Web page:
5. A windshield which consists essentially of an exterior first layer of glass, a transparent cellulosic ester second layer selected from the group consisting of cellulose aceto-butyrate, cellulose aceto-propionate and cellulose tripropionate and a third layer of polyvinyl butyral interposed between and adhered to said first and second layers, said second and third layers being superposed and essentially covering one surface of said first layer.

6. A windshield according to claim 5 in which said glass layer projects a limited distance beyond the periphery of said second and third layers, and a mounting frame surrounding the windshield and attached essentially solely to the projecting portion of said glass layer.

7. A windshield according to claim 5 in which said second and third layers are adhered by means of a solution in alcohol of an adhesion promoter selected from tin chloride, gamma-aminopropyltriethoxysilane and gamma-glycidoxypropyltrimethoxysilane applied to at least one of the interfaces of said second and third layers.

8. The method of adhesively joining the organic layers of a laminated windshield comprising a first outer layer of glass, an interlayer of polyvinyl butyral, and a second outer layer selected from the group consisting of cellulose aceto-butyrate, cellulose aceto-propionate and cellulose tripropionate, which comprises coating with an alcoholic solution of one of the substances selected from the group of tin-lI-chloride, gammaaminopropyltriethoxysilane and gammaglycidoxypropyltrimethoxysilane at least one of the interfaces between the interlayer and the second layer, and heating and pressing together the interfaces.

9. The method of claim 8, and coating the exposed face of the second outer layer with an organo polysiloxane.

10. A method of making a safety windshield which comprises, adhesively connecting in superposed relation an interlayer of polyvinyl butyral, a first outer layer of glass and a second outer layer selected from the with an adhesion promotor selected from the group consisting of tin chloride, gamma-aminopropyltriethoxysilane and gamma-glycidoxypropyltrimethoxysilane.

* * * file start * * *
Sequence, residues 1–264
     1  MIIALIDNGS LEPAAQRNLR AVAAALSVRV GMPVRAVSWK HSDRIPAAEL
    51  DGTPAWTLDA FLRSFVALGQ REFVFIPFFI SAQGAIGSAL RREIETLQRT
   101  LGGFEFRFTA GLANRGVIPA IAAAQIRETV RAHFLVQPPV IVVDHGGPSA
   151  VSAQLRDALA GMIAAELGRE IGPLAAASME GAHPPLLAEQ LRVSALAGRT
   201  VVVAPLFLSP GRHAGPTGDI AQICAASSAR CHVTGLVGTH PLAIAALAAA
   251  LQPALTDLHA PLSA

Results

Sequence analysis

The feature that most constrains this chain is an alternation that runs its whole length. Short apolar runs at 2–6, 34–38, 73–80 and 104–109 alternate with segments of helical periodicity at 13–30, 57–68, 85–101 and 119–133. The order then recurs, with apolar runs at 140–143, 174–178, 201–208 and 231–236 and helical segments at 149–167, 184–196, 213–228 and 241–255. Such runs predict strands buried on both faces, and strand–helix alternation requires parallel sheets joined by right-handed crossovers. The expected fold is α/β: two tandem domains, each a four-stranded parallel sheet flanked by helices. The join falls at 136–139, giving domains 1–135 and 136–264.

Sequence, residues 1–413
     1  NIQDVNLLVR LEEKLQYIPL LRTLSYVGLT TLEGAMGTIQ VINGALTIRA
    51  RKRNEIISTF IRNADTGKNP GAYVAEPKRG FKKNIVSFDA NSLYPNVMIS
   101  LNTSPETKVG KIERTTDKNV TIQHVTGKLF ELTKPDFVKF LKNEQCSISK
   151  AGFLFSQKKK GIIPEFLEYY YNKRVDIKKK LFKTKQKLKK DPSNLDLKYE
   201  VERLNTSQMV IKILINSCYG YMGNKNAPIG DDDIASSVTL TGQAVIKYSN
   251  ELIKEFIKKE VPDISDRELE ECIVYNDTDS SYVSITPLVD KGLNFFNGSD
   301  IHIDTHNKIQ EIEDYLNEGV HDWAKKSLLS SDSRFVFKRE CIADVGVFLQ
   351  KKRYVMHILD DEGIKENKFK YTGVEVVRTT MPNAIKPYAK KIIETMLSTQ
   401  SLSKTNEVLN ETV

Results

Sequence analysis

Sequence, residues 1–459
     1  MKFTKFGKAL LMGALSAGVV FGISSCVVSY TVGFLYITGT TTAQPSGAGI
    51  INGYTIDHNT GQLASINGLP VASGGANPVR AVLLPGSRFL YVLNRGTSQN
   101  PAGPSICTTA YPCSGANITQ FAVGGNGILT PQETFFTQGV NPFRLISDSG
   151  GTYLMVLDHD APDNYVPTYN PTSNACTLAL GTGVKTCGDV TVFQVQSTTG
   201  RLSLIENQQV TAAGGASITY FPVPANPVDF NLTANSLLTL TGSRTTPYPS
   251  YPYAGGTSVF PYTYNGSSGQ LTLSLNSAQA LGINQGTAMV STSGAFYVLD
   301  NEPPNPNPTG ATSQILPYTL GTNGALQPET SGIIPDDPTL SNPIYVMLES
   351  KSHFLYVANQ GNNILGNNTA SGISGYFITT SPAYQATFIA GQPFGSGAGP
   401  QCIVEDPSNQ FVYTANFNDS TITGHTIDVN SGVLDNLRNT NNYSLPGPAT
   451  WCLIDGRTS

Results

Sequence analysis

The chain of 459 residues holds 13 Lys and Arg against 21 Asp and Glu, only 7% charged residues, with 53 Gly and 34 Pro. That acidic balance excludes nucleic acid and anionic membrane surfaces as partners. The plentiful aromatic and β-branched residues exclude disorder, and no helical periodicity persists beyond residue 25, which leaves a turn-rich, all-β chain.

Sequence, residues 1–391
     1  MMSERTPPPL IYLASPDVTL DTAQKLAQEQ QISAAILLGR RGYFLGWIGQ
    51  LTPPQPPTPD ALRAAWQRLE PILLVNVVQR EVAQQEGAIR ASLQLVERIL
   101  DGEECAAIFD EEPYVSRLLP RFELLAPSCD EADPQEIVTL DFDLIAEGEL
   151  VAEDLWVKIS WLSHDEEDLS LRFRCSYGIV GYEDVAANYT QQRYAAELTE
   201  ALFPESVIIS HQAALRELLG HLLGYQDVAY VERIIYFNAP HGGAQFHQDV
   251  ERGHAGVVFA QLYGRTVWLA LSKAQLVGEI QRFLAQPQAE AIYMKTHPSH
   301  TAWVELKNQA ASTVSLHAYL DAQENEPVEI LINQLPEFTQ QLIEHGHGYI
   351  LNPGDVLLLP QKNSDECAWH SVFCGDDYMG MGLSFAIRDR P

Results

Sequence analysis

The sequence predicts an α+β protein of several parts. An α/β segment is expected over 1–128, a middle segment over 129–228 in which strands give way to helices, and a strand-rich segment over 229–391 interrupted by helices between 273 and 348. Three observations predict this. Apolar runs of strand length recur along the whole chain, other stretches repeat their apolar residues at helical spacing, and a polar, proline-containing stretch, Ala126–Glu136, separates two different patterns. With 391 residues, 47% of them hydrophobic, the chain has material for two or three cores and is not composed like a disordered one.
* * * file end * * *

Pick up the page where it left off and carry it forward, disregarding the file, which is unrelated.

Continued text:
1 l. A method according to claim 10 having the added step of coating the outer face of the second outer layer with an organo polysiloxane. a:

Referenced by
Citing PatentFiling datePublication dateApplicantTitle
US3917891 *Apr 11, 1974Nov 4, 1975Asg Ind IncFragmentation shield for impact resisting optical medium
US3922440 *Aug 16, 1974Nov 25, 1975Minnesota Mining & MfgSafety glass light control medium
US4027061 *Nov 18, 1975May 31, 1977Monsanto CompanyNitrile polymer, polyvinyl butyral and polyurethanes
US4049861 *Feb 19, 1976Sep 20, 1977Minnesota Mining And Manufacturing CompanyEpoxy terminated silanes
US4180620 *Feb 2, 1978Dec 25, 1979E. I. Du Pont De Nemours And CompanyPlasticized polyvinyl butyral sheeting with a divalent metal salt of neo decanoic acid adhesion control agent
US4210705 *May 3, 1979Jul 1, 1980E. I. Du Pont De Nemours And CompanyPolyvinyl butyral compositions
US5028287 *Dec 29, 1986Jul 2, 1991Libbey-Owens-Ford Co.Method for applying an anti-lacerative plastic layer to glass
US5126001 *Jul 7, 1988Jun 30, 1992Ppg Industries, Inc.Removable release agent on glass and bonding method employing same
US5421940 *Sep 23, 1993Jun 6, 1995Saint Gobain Vitrage InternationalProcess for the production of an automobile pane equipped with an elastomer frame of a predetermined shape
DE2652427A1 *Nov 17, 1976May 26, 1977Monsanto CoVerbundsicherheitsglas
WO1985005073A1 *Apr 15, 1985Nov 21, 1985Libbey Owens Ford CoMethod and apparatus for applying anti-lacerative plastic layer to glass
U.S. Classification428/189, 428/437, 428/447, 428/332, 156/99, 428/527, 156/106, 428/452
International ClassificationB32B17/06, B32B17/10, C03C27/12
Cooperative ClassificationB32B17/1033, B32B17/10018, B32B17/10688, B32B17/10761, B32B2317/18
European ClassificationB32B17/10G28, B32B17/10C2, B32B17/10G12, B32B17/10E22